classification
Title: Nested set comprehensions in class scope fail
Type: behavior Stage: needs patch
Components: Interpreter Core Versions: Python 2.7
process
Status: closed Resolution: wont fix
Dependencies: Superseder: improper scope in list comprehension, when used in class declaration
View: 3692
Assigned To: Nosy List: Eric.Wieser, dmi.baranov, ezio.melotti, mark.dickinson
Priority: normal Keywords:

Created on 2013-05-31 22:22 by Eric.Wieser, last changed 2013-06-10 09:34 by Eric.Wieser. This issue is now closed.

Messages (5)
msg190420 - (view) Author: Eric Wieser (Eric.Wieser) * Date: 2013-05-31 22:22
This code:

    class Sudoku(dict):
        COLUMNS = [
            {(x, y) for y in xrange(9)} for x in xrange(9)
        ]

When run on Python 2.7.5, fails with this traceback:

    Traceback (most recent call last):
      File "<pyshell#3>", line 1, in <module>
        class Sudoku(object):
      File "<pyshell#3>", line 3, in Sudoku
        {(x, y) for y in xrange(9)} for x in xrange(9)
      File "<pyshell#3>", line 3, in <setcomp>
        {(x, y) for y in xrange(9)} for x in xrange(9)
    NameError: global name 'x' is not defined

Yet `x` is clearly not a global - it's defined in the comprehension.

Running the comprehension outside of the class gives no error:

    >>> [
        {(x, y) for y in xrange(9)} for x in xrange(9)
    ]
    [set([...]), ...]

Nor does using `set`:

    class Sudoku(dict):
        COLUMNS = [
            set((x, y) for y in xrange(9)) for x in xrange(9)
        ]
msg190444 - (view) Author: Eric Wieser (Eric.Wieser) * Date: 2013-06-01 08:54
This is not at first glance, a duplicate of 3692 - in that case, the list comprehension is referring to another class variable.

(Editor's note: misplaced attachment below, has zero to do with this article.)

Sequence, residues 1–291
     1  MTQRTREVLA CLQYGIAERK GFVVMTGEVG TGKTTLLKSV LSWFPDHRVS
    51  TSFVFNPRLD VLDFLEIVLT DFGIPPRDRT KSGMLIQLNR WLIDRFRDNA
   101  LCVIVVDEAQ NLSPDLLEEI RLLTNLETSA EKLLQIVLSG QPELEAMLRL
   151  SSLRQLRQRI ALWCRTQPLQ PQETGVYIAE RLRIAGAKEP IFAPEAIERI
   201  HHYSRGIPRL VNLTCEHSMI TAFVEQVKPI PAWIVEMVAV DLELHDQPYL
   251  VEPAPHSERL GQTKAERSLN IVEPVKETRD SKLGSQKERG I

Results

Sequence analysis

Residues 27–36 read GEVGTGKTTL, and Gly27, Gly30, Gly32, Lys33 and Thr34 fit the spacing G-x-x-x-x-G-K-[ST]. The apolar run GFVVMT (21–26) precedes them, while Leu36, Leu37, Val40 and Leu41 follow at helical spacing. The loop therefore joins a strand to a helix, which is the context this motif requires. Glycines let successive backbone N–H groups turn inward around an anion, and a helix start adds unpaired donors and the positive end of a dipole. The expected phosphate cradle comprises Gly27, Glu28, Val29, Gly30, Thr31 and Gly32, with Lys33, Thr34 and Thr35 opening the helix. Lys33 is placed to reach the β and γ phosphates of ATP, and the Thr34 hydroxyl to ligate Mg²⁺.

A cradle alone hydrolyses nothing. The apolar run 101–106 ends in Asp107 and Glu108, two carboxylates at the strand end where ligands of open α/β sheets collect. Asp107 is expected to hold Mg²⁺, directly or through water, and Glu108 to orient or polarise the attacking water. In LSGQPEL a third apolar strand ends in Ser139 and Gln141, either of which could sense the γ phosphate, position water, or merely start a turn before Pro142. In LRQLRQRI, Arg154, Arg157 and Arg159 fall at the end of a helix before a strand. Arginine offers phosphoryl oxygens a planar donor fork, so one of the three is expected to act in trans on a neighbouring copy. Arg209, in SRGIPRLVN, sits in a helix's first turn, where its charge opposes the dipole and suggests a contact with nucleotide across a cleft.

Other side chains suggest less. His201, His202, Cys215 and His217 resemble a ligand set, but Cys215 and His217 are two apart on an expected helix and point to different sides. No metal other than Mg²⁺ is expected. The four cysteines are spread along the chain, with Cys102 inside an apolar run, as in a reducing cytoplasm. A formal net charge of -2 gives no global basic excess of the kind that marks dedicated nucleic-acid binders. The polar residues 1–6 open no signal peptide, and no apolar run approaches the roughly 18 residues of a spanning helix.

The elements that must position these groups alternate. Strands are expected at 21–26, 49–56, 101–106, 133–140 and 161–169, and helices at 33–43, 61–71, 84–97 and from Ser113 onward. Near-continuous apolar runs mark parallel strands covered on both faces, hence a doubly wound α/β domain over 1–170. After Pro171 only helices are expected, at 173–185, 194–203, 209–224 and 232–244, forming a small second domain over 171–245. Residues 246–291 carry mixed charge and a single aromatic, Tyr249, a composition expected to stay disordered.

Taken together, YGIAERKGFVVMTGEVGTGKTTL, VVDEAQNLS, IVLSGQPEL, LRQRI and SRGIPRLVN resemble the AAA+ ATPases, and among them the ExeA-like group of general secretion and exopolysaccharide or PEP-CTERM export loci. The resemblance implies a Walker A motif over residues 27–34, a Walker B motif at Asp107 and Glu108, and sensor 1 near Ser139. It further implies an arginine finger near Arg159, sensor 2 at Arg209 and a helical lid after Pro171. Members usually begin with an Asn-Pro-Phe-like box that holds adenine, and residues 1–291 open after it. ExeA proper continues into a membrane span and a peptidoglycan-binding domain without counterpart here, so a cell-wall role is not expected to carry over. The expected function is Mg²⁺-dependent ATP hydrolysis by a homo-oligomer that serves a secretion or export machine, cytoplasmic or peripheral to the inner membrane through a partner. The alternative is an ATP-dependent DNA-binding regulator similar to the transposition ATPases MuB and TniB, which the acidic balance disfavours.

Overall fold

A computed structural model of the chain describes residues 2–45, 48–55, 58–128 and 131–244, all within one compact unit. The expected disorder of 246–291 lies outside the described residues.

Most notably, that describes a behavioural change introduced by python 3 - in this case, python 3 handles it correctly - there's a bug in the python 2 implementation.
msg190890 - (view) Author: Mark Dickinson (mark.dickinson) * (Python committer) Date: 2013-06-10 07:44
While I agree that this isn't an exact duplicate of #3692, the underlying cause is the same, and Python is working as designed and documented in this case.

In Python 2, list comprehensions don't have their own scope, so the `x` in your initial example lives at class scope.  However, the set comprehension *does* have its own scope.  By design, a variable defined at class scope is not visible to inner scopes inside that class.

In Python 3, this works because the list comprehension has its own scope.

See the documentation here:

http://docs.python.org/2/reference/executionmodel.html#naming-and-binding

and the `class A` example in particular.

Reclosing: there's no way this behaviour going to change in Python 2, and this particular case is no longer an issue in Python 3.
msg190891 - (view) Author: Mark Dickinson (mark.dickinson) * (Python committer) Date: 2013-06-10 07:46
"won't fix" is probably a better resolution.  But in the absence of that apostrophe-rich option, I'll use "wont fix" instead.
msg190896 - (view) Author: Eric Wieser (Eric.Wieser) * Date: 2013-06-10 09:34
Thanks for the clarification - this behavior now makes perfect sense to me. As expected, swapping the list comprehension for a generator comprehension, or vice versa, prevents the error.
History
Date User Action Args
2013-06-10 09:34:25Eric.Wiesersetmessages: + msg190896
2013-06-10 07:46:19mark.dickinsonsetresolution: not a bug -> wont fix
messages: + msg190891
2013-06-10 07:44:56mark.dickinsonsetstatus: open -> closed

nosy: + mark.dickinson
messages: + msg190890

resolution: not a bug
2013-06-08 17:40:37ezio.melottisetnosy: + ezio.melotti

stage: needs patch
2013-06-01 08:54:43Eric.Wiesersetstatus: closed -> open
2013-06-01 08:54:23Eric.Wiesersetresolution: duplicate -> (no value)
messages: + msg190444
2013-06-01 03:50:15benjamin.petersonsetstatus: open -> closed
superseder: improper scope in list comprehension, when used in class declaration
resolution: duplicate
2013-05-31 23:30:49dmi.baranovsetnosy: + dmi.baranov
2013-05-31 22:22:08Eric.Wiesercreate